P6, L181-182:  Are you saying that the Hg detected in the control area is naturally occurring, or that it is caused by pollution from nearby mining areas?

P7, L197:  “A trammel house is a source of mercury contamination because it is where ore is ground with mercury in the amalgamation process, which produces small mercury droplets that are easily washed away and transported across large areas.”  I think this is what you want to say in this sentence.

Figure 4B:  The line that says “highly hazardous level (>3 μg/g)” points to approximately 45 μg/g on the graph.  Technically correct, but confusing, especially since the line below says “mean Hg concentration in Bombana (6.10 μg/g)” which is higher than 3 μg/g.

Author Response

January 13, 2020

 

Dear Reviewers of Toxics

 

On behalf of all the authors, I am pleased to resubmit for publication the revised version of toxics-690611 entitled “Mercury in soil and grass from artisanal and small-scale gold mining in the Bombana area” for publication in Toxics as an original research article. I appreciated the constructive criticisms of the Editor and the reviewers.

 

Here is my response related major comment:

Abstract:  include SD values with mean values

Response: I have included SD values with mean values in the abstract section

Abstract: Mercury (Hg) contamination in soil and forage plants is toxic to ecosystems, and artisanal and small-scale gold mining (ASGM) is the main source of such pollution in the Bombana area of Indonesia. Mercury contamination in soil and forage plants were investigated by particle-induced X-ray emission analysis of samples collected from three savannah areas. Forage plants Hg contents in the ASGM area (mean 9.90 ± 14 ppm) exceeded those in a control area (2.70 ± 14 ppm). Soil Hg contents (mean 390 ± 860 ppm) were also higher than those in the control area (mean 7.40 ± 9.90 ppm), with levels exceeding international regulatory limits. Hg contents in 69% of soil samples and 78% of forage plants samples exceeded critical toxicological limits, with contamination extending over large areas and posing a major environmental problem. Concentrations of Hg in soil and forage plants generally exceed internationally accepted permissible guidelines and being a major problem on miners and inhabitants of ASGM areas.

 

Introduction: P1, L40-42:  I think the “10-19 million workers” refers back to ASGM, so maybe move the sentence around?  “ASGM is now the main source of mercury pollution globally, with 10-19 million workers using mercury to purify gold in 70 countries.”  Then follow with the sentence that states “The amount of Hg released is proportional to 44 the volume consumed per unit of gold produced.” Then go back to “Mercury pollution also arises from non-ferrous metals, coal, the cement industry, and mine tailing waste.”

Response: As suggested by the reviewer I have revised the paragraph.

Natural source of Mercury (Hg) includes volcanic emissions, which release 80–600 tonnes Hg yr−1 to the atmosphere [7]. Geothermal activity, cinnabar deposits in geological formations, and forest fires contribute to the Hg atmosphere–deposition cycle. More than 90% of released Hg enters the terrestrial environment. ASGM is now the main source of mercury pollution globally [8], with 10-19 million workers using mercury to purify gold in 70 countries. The amount of Hg released is proportional to 44 the volume consumed per unit of gold produced. Mercury pollution also arises from non-ferrous metals, coal, the cement industry, and mine tailing waste (Fig. 2).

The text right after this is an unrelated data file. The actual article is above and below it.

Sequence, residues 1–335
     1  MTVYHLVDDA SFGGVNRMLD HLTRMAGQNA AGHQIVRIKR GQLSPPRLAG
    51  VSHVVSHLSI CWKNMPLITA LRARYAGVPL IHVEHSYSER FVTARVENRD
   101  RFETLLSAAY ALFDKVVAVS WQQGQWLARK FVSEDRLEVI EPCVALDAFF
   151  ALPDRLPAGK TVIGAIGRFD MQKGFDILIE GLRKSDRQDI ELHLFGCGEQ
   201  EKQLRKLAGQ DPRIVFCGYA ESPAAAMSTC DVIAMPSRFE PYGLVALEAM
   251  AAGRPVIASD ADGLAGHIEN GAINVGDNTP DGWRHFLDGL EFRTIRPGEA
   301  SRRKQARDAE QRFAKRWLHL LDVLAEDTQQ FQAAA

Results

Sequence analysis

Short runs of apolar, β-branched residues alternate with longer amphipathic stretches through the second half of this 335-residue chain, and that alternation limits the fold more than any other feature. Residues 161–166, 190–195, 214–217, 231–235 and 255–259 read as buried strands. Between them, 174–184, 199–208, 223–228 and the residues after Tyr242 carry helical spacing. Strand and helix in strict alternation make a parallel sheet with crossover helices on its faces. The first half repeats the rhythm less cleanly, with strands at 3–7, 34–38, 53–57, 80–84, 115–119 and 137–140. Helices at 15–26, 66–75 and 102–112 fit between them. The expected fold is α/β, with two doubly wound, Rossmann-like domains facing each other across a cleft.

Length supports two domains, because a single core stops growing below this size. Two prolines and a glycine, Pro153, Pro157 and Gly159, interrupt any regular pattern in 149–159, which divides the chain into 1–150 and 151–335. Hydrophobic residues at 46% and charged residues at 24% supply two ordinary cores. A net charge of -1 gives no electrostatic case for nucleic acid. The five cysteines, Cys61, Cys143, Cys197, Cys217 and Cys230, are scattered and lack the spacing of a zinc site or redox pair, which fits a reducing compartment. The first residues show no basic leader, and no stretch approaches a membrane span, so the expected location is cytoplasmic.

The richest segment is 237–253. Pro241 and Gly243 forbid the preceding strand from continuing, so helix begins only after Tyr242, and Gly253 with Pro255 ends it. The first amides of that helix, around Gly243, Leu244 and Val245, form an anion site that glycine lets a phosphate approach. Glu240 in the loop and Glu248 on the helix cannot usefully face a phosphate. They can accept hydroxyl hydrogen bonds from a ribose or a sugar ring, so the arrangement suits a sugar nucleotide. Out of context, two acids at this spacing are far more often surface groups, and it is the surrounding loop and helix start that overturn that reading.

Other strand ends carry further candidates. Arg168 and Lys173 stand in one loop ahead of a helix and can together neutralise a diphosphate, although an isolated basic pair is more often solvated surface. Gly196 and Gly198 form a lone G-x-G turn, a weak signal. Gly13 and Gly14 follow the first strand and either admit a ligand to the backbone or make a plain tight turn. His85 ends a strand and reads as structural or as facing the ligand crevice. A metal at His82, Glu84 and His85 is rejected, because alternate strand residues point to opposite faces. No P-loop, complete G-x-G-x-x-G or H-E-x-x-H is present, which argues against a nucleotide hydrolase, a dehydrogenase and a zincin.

P2, L46-50:  Omit “in Bombana.”  “spread over large areas through wind and rain.”

Response: As suggested by the reviewer I have revised the paragraph.

A new gold-mining site was found in the Bombana area that has expanded progressively over the past ten years to provide potential mercury contamination of forage plants as animal feed. Gold processing activities can produce Hg particles that spread over large areas through wind and rain. Previous studies in the Bombana area indicated excessive dispersion of Hg, resulting in elevated Hg concentration in mining workers [6] and cattle [18]. There have been few studies of the effects of Hg pollution on soil and forage plants together, especially in savannah landscapes, with this being the first study of the spatial distribution of soil Hg contamination around ASGM sites and its effects on the forage plants to the best of our knowledge. This study aimed to evaluate the environmental implications of ASGM in the Bombana area, Southeast Sulawesi Province, Indonesia.

 

P3, L76-77:  Adding the names of the grasses is really helpful.  You can use the scientific genus/species notation and italicize “Imperata cylindrica, Megathyrsus maximus, Manihot utilissima” but I think the last one is technically not a grass but a euphorb.  If this is the case, you need to replace “grasses” with “forage plants” throughout.

Response: As suggested by the reviewer I have used the scientific genus/species notation and italicize “Imperata cylindrica, Megathyrsus maximus, Manihot utilissima”. I have replaced “grasses” with “forage plants” throughout as well.

Fresh forage plants samples were collected from 20 areas, including cattle-feed grasses (fodder) from various farms. Sample collections are preserved in the herbarium to provide evidence for vegetation for botanists to determine plant species [22]. At each sampling point, three main types of forage plants (Imperata cylindrica, Megathyrsus maximus, and Manihot utilissima) were drawn and mixed with weighing 200 grams. Samples were washed with 500 mL Milli-Q water before sealing in plastic bags. Three different species were sampled because vegetation is the main animal feed for cow colonies that live in the study area.